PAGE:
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Le Bad Tranny

Posted in How To on March 1, 2001 Comment (0)
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Le Bad Tranny
Photographers: Jp ArchivesAdvance Adapters
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If you are looking to buy a used Wrangler or Cherokee and you want a five-speed, you’d better take a look at the transmission to make sure you don’t get stuck with a Peugeot. The Peugeot, if in good running order, is just barely OK for stock vehicles. If you want to run bigger tires, add power mods, or go ’wheeling, avoid this transmission unless you plan on replacing it with something more suitable. If you are looking to buy a used Wrangler or Cherokee and you want a five-speed, you’d better take a look at the transmission to make sure you don’t get stuck with a Peugeot. The Peugeot, if in good running order, is just barely OK for stock vehicles. If you want to run bigger tires, add power mods, or go ’wheeling, avoid this transmission unless you plan on replacing it with something more suitable.
The best identifying feature of the Peugeot is the clamshell-style transmission housing. Look for the seam running lengthwise down the transmission where the two halves are bolted together (arrow). Not only does this make the transmission easy to identify, it also weakens the overall unit. The best identifying feature of the Peugeot is the clamshell-style transmission housing. Look for the seam running lengthwise down the transmission where the two halves are bolted together (arrow). Not only does this make the transmission easy to identify, it also weakens the overall unit.
Here, you can see the hydraulic throwout bearing and the wacky Peugeot bolt pattern on the stock bellhousing. Here, you can see the hydraulic throwout bearing and the wacky Peugeot bolt pattern on the stock bellhousing.
Here you can see a complete BA 10/5 next to a bit of another one. The clamshell design may seem easier to work on, but apparently it is not. And the parts are—how you say?—trés expensive. Here you can see a complete BA 10/5 next to a bit of another one. The clamshell design may seem easier to work on, but apparently it is not. And the parts are—how you say?—trés expensive.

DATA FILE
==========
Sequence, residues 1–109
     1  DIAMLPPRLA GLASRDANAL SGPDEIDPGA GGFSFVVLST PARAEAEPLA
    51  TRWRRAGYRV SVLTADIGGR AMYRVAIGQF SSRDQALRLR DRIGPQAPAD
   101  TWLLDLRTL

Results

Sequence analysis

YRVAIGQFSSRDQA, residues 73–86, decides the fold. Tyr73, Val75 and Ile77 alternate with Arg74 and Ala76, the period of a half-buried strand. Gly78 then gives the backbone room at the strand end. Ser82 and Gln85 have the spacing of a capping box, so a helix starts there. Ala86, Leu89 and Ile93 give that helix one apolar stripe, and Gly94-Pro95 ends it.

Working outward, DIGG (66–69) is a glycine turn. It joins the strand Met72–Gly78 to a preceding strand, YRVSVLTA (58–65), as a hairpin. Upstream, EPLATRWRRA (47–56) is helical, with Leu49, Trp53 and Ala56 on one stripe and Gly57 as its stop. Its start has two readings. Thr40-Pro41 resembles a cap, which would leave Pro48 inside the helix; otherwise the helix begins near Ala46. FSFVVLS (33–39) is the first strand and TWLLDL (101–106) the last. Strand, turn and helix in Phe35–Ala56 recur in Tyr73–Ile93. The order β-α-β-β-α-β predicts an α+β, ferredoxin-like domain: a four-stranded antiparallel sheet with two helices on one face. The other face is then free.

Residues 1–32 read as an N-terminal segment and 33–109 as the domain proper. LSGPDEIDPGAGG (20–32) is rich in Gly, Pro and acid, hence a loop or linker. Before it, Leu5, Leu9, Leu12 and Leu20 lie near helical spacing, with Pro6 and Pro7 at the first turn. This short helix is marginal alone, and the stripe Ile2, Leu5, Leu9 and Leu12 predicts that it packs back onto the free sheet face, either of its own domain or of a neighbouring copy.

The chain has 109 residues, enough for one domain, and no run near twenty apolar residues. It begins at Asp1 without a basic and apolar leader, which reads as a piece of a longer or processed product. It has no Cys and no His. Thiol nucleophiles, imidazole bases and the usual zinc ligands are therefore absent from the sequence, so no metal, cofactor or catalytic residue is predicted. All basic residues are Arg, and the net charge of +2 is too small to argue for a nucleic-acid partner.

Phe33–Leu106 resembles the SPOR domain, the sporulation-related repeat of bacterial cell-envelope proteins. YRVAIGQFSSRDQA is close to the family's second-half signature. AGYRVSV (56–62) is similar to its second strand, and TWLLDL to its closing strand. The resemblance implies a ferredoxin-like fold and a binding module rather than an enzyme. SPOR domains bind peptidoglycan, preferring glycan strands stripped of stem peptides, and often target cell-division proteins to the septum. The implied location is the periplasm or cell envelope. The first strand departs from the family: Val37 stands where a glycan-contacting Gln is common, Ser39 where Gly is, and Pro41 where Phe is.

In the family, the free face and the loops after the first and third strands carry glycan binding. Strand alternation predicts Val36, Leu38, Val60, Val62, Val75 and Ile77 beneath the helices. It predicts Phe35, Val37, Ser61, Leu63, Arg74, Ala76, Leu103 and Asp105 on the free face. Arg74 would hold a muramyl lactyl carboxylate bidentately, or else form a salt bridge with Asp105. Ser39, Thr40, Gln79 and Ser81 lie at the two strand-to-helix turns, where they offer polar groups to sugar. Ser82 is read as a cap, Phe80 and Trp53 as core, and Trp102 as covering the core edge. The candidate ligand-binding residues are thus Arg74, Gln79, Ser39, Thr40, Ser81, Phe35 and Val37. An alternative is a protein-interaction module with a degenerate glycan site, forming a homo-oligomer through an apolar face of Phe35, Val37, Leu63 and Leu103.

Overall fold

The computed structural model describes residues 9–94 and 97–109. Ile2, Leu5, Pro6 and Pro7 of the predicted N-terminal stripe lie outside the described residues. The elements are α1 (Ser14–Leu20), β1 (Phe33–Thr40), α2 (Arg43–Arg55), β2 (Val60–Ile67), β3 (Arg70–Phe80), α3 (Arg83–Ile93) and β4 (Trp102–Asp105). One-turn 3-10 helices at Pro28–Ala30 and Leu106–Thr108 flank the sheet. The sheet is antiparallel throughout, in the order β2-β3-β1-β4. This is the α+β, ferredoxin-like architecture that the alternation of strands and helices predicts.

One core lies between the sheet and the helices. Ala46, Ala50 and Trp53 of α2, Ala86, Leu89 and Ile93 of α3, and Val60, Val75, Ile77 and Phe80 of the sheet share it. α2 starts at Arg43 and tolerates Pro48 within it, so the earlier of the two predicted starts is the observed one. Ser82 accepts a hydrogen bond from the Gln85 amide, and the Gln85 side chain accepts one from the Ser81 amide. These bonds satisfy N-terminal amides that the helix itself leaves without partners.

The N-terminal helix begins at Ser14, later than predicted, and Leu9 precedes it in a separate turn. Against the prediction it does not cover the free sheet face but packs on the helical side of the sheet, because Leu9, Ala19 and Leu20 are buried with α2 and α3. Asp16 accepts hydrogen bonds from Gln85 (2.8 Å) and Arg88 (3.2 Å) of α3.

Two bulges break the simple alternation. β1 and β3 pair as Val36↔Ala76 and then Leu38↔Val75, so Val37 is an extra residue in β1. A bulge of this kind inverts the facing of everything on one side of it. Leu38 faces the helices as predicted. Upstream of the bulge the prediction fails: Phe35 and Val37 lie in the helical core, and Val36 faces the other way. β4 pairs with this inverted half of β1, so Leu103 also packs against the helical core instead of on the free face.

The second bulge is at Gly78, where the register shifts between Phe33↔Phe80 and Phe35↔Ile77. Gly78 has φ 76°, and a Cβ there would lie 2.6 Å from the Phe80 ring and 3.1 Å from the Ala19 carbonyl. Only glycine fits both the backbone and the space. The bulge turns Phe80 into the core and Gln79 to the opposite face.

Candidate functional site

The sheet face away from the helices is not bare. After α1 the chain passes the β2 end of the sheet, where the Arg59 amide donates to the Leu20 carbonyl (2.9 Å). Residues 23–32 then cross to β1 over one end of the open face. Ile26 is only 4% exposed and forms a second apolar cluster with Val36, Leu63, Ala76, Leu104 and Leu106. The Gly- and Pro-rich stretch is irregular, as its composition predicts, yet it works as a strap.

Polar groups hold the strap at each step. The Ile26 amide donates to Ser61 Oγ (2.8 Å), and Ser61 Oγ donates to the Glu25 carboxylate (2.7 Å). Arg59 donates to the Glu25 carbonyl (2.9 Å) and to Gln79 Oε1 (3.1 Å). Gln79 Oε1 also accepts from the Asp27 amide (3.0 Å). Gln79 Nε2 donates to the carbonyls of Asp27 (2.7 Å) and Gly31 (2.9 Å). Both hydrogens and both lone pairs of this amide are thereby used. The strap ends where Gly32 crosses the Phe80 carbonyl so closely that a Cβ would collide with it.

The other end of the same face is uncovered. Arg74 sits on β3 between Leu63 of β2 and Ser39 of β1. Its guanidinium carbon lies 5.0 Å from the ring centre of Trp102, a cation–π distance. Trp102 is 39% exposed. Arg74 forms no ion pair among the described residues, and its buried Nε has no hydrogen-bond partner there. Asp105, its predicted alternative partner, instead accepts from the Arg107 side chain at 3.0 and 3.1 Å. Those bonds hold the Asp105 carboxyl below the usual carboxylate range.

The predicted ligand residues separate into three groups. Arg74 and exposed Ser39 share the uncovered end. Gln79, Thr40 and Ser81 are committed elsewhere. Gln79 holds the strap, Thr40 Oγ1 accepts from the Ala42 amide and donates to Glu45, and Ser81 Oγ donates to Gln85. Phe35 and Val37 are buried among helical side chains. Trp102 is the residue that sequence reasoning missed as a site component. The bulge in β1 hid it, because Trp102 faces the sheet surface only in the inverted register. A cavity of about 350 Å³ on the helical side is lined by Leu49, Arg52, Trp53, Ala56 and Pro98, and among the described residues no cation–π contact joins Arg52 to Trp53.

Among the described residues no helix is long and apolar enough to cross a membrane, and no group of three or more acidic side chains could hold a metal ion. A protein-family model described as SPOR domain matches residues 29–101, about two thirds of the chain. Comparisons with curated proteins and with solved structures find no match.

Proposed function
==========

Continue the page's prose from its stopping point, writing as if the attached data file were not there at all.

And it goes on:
The French are responsible for many memorable American icons such as the Statue of Liberty, the scantily clad French maid, and the always-amusing Pepe Le Pew. Unfortunately, they are also responsible for a few badly engineered pieces of machinery that can be found in America today. For example, Le Car, which seemed to be made of le super glue and le compressed rust, not to mention the vex of many a Jeep owner, the Peugeot 5 speed, or BA 10/5.

Although the Peugeot may be hiding behind any of the powerplants in Cherokees and Wranglers, the Jeeps most commonly infected are ’87-’89 YJs with the 4.2L straight-six, and some early 4.0L Cherokees. Fifth gear seems to be a weak point along with the clamshell-style housing design. If one gear starts to go south expect the rest to soon follow suit.

The Peugeot transmission offers a marginal First gear of 3.39 and does not have a good reputation when it comes to longevity. Add bigger tires and difficult terrain and you have a dead BA 10/5, and a transmission in need of parts that are both hard to come across and generally very expensive. Even though adapters are available for the Peugeot, don’t even think about an engine swap. However, there is a wide array of swapping options available to rid you of the French tranny, some of which are cheaper than rebuilding your BA 10/5 with new yet prone-to-break components.

If you own a Cherokee with the Peugeot and the 2.8L you may be thinking of losing that V-6 anyway. Let’s face it: That was not GM’s best work. And with the curse of the Peugeot gearbox, now may be the time to get rid of both. Keep in mind that when mounting any of these transmissions to a factory fuel injected motor like the 4.0L, you need to have plans for the crank sensor, and how you are going to replace your hydraulic clutch mechanism if you’ve decided to stick with a manual transmission. All of Advance Adapters’ bellhousings for both the Ford-style manual transmissions and the GM manuals have a crank sensor location. If you are using a GM automatic transmission, or a bellhousing from an older Jeep with your 4.0L, you need to get a kit from Hesco to relocate the crank sensor to the harmonic balancer, or (we hate to put it bluntly) your engine won’t run. We have heard of people who had their bellhousings machined to accept the crank sensor, but this is not as easy as it seems and must be done properly in order to function.

You also need to remember that the NP231 that was attached to a Peugeot is generally equipped with the slightly weaker 21-spline input shaft. Some of the transmissions discussed in this article will require you to replace this shaft with the slightly stronger 23-spline input shaft, while others have parts available to make them work with either input shaft.

Here’s some sweet swaps and other tips we found. Hopefully, you’ll be able to wash that overripe escargot taste out of your mouth for good, and keep shifting down the trail with improved performance and confidence in your equipment.

Sources

Advance Adapters
Paso Robles, CA 93446
800-350-2223
www.advanceadapters.com
Hesco
Birmingham, AL 35233
2052511472
http://www.hescosc.com
M.I.T. Drivetrain Specialists
El Cajon,, CA 92020

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